SPRINGFIELD — As the Transportation Safety Administration agent rummaged through my suitcase she picked up my tube of toothpaste, shook her head and said “no.”
The tube went sailing into a waste basket filled with bottles of suntan lotion, cans of shaving cream and other odds and ends the TSA considers too dangerous to bring aboard a jetliner.
The tube of Colgate was 7.8 ounces rather than the requisite maximum of 3.4 ounces.
I felt like giving the TSA agent a piece of my mind.
But it’s not her fault.
She’s just doing her job – enforcing rules generated somewhere within the bowels of the TSA bureaucracy.
We all have those feelings sometime when confronted by a bureaucracy – and usually it’s not something as minor as a tube of toothpaste. You could be a small business owner trying to comply with a labor regulation, an elderly person confronted with a confusing tax form or just an ordinary citizen trying to comply with a complicated regulation.
Whether faced with a silly rule or just a desire to have a question answered, it’s aggravating not knowing where to turn.
And that goes to the heart of a problem within big government – a lack of accountability.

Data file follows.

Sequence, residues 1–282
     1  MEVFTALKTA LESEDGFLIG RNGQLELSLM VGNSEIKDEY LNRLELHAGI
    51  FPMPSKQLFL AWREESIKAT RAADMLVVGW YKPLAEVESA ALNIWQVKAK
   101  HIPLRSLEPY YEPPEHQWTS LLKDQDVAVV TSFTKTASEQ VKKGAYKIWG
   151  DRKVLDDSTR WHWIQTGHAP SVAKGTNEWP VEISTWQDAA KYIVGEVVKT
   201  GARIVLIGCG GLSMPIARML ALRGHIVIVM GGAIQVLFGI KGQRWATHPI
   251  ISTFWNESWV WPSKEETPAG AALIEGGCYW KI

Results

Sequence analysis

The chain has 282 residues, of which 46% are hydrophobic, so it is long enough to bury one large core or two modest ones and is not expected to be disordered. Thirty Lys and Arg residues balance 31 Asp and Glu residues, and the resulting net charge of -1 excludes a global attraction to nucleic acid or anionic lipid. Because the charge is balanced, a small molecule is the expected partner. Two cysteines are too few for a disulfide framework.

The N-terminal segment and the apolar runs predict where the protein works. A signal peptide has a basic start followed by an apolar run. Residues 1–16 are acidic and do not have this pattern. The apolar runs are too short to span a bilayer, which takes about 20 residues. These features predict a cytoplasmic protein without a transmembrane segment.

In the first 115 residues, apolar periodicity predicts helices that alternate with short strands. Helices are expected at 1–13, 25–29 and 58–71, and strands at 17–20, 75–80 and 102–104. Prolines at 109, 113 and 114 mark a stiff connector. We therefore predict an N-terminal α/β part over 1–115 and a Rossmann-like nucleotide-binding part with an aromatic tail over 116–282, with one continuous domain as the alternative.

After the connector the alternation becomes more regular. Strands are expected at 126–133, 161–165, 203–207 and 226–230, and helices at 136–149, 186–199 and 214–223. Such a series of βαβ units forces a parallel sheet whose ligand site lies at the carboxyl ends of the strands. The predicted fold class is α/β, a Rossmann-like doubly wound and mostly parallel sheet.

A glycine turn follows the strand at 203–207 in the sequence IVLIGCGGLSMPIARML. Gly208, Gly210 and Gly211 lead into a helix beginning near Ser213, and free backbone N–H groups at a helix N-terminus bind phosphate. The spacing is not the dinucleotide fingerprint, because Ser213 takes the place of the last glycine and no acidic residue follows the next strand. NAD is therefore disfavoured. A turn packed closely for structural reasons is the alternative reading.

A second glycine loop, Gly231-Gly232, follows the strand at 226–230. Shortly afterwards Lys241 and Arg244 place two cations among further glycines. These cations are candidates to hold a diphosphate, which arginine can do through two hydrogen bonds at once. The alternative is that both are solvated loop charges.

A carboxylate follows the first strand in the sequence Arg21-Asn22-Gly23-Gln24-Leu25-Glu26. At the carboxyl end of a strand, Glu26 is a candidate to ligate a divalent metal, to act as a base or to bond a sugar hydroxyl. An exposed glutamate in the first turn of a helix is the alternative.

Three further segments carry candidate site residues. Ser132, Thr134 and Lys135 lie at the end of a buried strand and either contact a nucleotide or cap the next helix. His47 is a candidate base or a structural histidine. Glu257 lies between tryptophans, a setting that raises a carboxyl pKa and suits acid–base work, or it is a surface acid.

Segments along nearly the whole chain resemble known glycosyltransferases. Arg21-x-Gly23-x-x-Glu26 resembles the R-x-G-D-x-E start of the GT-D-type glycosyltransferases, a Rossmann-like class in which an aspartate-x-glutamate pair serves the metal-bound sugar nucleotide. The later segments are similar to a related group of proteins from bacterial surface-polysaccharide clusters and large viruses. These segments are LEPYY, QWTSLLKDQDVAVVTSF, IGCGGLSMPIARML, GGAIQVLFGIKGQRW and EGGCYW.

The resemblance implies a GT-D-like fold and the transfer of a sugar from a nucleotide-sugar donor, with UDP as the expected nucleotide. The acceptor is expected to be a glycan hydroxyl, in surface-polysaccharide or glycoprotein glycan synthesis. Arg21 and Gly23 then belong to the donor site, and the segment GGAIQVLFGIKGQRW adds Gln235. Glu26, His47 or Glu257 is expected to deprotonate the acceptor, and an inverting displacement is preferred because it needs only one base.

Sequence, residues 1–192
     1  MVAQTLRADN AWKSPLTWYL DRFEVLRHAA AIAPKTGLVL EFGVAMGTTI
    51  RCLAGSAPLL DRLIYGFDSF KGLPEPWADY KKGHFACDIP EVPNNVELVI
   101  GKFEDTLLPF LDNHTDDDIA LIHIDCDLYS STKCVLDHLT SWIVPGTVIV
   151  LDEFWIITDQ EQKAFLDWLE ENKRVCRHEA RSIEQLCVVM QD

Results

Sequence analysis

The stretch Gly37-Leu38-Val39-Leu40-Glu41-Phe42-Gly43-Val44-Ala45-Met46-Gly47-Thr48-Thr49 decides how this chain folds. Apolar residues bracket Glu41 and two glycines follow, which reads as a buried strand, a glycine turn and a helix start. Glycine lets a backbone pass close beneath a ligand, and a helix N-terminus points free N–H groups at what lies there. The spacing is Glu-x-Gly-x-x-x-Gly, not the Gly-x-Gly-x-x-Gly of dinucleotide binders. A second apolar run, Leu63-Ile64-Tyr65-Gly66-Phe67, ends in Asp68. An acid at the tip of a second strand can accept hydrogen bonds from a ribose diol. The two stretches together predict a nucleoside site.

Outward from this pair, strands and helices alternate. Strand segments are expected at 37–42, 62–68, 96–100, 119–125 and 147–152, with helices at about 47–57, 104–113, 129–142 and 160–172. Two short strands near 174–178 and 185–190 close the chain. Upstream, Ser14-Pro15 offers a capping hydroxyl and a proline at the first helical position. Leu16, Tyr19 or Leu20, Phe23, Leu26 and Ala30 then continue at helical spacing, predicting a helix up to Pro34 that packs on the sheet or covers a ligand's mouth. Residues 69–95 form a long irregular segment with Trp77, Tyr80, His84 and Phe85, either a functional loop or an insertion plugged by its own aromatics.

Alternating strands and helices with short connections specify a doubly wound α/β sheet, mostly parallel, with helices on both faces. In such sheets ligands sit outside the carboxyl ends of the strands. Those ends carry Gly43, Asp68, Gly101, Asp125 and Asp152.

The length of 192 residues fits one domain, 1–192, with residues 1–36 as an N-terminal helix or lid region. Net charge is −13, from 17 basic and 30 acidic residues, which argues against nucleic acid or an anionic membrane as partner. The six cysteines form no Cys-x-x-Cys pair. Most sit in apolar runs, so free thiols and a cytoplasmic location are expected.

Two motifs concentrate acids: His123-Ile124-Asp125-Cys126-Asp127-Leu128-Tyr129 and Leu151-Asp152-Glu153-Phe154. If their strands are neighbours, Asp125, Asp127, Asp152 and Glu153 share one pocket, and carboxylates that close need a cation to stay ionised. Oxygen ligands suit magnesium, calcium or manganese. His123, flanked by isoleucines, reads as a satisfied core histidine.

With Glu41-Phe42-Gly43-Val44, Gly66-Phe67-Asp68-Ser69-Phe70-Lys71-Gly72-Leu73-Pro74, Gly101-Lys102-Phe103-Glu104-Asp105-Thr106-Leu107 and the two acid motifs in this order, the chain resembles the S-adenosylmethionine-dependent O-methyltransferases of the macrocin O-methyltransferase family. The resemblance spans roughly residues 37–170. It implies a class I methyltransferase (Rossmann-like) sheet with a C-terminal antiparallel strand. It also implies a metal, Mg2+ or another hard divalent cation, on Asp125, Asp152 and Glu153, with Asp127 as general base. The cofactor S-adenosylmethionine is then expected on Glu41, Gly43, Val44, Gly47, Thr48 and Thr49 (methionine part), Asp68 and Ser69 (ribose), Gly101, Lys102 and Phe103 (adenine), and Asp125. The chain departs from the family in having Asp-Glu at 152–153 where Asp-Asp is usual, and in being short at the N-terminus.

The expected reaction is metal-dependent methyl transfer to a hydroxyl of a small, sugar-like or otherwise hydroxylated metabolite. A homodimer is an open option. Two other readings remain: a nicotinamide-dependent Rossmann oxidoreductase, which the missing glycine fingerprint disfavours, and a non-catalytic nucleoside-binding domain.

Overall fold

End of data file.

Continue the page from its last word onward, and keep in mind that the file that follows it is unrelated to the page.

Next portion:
Who do you blame? Where do you bring solutions? How do you ensure greater responsiveness?
It’s a lot more significant than $5.92 tube of toothpaste.
Even legislators are frustrated by the bureaucracy. The multiple layers of government become worse when officials add rules and regulations that don’t quite mesh with one another.
Just last week, 133 members of the U.S. House of Representatives wrote the TSA to express concern about allowing passengers to start carrying pocket knives aboard a passenger aircraft.
That’s right – TSA recently passed a rule allowing travelers to tote knives aboard a plane. John Pistole, the head of TSA, shrugged off those concerns and said passengers can begin carrying knives later this month.